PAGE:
As many who follow this blog know, I retired from my professional life as a marketing and strategy executive to care for my now 95-year-old father and have used the hiatus to support nonprofits. That’s a long way of saying that most of the work I do by choice is pro bono, for causes I care about. I use this blog to share what I’m doing in the hopes it may support other nonprofits as they strive to fulfill their missions. In this post, I’ll share an agenda that I used last fall and describe the results.
In my first post in this series, I suggested that nonprofits have a greater need for real strategy than larger organizations. But, up against the press of reality, it may make more sense for a nonprofit to focus on action planning rather than strategic planning, and call it that.
Most nonprofit organizations also don’t have the resources to do what large corporations do: either task a staff department to draft a new strategy, or hire a smart consulting firm to develop a strategy under the supervision of management. One takes six months to a year, and the other, many thousands of dollars.
Last fall, I worked with a nonprofit to figure out: did it really need to focus on operational planning, or strategic planning? This particular organization is recovering from a crisis, making it very difficult to think beyond day-to-day challenges. But with operations normalizing, the Board felt ready to start talking about the organization’s future direction.
Below, I’ve pasted in a copy of the agenda for the 6 hour discussion I facilitated last fall. You’re looking at two paths the Board could have gone down. The left hand (blue) approach implies, “Hey, we’re doing important work. We just need to stay focused on doing what we’re doing well. Let’s stay the course.” The right hand column, which was the one the Board chose, meant, “Now that we have our heads above water, let’s take a fresh look. Let’s think about need and imagine if we were designing this nonprofit from the outset. What’s needed today?”
The group didn’t have that conversation with some grounding in reality. The agenda included a review of the environment, which included an inventory of local organizations addressing the same need. I developed a high level environmental assessment with categories that made sense: charitable giving trends, underlying issues having to do with need of the population served, trends in poverty/unemployment/economy, related trends in the retail/service environment, trends affecting the government’s role in addressing the problem, nonprofit trends including administrative cost pressures, and social/political/cultural trends. (For some organizations, it may also be important to consider technological trends – and, of course, changing demographics are a biggie.)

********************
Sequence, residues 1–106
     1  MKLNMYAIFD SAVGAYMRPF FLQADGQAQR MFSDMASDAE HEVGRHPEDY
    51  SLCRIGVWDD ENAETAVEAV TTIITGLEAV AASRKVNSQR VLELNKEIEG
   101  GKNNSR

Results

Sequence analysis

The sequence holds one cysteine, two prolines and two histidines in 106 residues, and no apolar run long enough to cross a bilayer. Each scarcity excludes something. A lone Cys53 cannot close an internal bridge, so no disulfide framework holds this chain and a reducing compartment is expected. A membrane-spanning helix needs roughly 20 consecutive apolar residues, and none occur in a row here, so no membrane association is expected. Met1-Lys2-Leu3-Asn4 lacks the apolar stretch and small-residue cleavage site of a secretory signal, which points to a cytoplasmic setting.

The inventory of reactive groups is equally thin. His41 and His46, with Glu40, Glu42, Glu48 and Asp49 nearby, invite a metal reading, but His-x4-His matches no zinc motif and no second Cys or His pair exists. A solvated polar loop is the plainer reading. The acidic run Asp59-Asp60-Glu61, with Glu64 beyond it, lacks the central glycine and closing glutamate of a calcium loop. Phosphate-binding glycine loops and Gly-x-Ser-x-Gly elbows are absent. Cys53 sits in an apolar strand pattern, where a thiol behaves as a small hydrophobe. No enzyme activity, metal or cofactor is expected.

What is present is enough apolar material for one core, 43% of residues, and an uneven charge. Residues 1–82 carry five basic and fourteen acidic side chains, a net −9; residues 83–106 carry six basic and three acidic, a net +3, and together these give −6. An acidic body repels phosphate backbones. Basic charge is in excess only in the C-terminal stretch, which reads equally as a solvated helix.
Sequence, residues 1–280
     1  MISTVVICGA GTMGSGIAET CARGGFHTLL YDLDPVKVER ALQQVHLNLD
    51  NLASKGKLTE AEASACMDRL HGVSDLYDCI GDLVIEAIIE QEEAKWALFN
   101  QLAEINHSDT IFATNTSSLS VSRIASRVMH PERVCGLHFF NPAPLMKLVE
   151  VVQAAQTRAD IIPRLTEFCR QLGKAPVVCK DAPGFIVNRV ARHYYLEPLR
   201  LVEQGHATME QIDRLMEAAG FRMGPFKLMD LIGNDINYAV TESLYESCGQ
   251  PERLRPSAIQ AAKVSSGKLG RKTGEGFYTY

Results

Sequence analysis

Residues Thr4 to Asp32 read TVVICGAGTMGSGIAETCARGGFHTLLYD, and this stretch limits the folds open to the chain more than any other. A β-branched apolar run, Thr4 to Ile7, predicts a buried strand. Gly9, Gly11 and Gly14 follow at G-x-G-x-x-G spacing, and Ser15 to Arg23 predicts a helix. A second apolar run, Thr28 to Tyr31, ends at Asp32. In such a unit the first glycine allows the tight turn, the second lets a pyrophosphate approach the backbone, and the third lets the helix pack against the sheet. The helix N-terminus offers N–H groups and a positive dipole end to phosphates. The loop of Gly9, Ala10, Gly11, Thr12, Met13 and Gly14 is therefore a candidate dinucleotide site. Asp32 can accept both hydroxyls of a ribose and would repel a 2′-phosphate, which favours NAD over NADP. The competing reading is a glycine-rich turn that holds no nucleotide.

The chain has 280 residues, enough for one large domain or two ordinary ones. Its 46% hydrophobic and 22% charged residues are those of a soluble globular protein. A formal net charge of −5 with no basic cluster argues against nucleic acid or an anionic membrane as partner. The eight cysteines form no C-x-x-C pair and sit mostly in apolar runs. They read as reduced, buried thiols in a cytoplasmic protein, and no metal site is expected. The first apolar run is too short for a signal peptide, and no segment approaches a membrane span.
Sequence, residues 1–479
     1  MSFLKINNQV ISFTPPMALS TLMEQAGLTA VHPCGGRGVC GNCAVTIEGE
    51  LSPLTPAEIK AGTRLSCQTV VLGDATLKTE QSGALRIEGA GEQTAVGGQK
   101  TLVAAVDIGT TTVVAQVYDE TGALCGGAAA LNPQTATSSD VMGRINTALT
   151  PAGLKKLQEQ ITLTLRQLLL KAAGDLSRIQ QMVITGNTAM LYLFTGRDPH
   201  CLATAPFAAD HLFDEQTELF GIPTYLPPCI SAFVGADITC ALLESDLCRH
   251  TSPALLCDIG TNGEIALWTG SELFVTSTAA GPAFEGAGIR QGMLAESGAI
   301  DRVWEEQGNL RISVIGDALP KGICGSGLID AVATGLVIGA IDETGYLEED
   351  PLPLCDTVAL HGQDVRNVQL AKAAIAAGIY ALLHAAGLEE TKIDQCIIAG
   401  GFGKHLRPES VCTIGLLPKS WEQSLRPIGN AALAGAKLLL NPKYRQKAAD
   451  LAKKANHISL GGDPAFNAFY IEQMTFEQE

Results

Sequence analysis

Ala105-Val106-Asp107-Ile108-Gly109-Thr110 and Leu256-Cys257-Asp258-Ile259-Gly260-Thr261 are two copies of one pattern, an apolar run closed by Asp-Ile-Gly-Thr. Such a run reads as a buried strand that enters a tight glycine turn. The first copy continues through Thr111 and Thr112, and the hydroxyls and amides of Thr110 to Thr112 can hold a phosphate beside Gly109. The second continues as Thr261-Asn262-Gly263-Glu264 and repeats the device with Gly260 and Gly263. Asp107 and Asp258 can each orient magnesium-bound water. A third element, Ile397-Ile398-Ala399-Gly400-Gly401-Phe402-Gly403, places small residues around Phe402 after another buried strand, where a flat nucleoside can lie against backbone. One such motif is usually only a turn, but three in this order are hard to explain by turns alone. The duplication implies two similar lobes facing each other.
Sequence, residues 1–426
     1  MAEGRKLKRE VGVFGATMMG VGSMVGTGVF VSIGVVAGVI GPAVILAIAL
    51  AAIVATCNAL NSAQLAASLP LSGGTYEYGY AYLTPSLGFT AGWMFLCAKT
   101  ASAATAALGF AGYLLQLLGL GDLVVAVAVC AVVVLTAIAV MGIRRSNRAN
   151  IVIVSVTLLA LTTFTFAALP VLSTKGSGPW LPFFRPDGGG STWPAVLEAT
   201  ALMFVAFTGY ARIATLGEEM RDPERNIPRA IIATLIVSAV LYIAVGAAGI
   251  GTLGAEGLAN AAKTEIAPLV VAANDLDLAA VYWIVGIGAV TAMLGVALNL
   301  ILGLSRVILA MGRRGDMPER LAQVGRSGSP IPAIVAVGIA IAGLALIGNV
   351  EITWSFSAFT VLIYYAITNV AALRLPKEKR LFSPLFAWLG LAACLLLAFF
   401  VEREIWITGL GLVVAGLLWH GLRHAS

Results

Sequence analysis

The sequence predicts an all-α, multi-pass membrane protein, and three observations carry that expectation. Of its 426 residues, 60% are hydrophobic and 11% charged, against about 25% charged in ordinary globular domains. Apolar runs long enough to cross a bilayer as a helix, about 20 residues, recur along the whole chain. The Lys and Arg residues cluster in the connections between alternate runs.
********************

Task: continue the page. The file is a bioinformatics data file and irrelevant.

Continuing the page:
Given the constraints of volunteer Board members’ time (a Harris Poll found that Americans lost an average of 20 percent of their available leisure time from 2007-2008, as reported in Grassroots Fundraising Journal), I thought the group might want to divide and conquer by chartering some mini-teams to explore several new/different overall approaches to fulfilling the mission and reporting back to the full group. Instead, they established a series of full-group mini-retreats — extended 3 hour meetings — at which they will identify and explore options as a group. The first of those meetings is next month.
At that meeting, the group will attempt to achieve these outcomes:
1) Discuss/establish one or more long term goals as a stretch target or direction. Long term goals will have a longer horizon such as something we would hope to achieve in 5-10 years.
2) Brainstorm ideas for alternatives or initiatives. A limited number (1-3) will be selected for further exploration.
3) Assign teams to develop concept proposals based on guidelines established by the Board. Teams might be asked to gather data or input from community experts or leaders, draft a refined concept, estimate costs to develop, identify risks, and identify potential benefits and funding sources.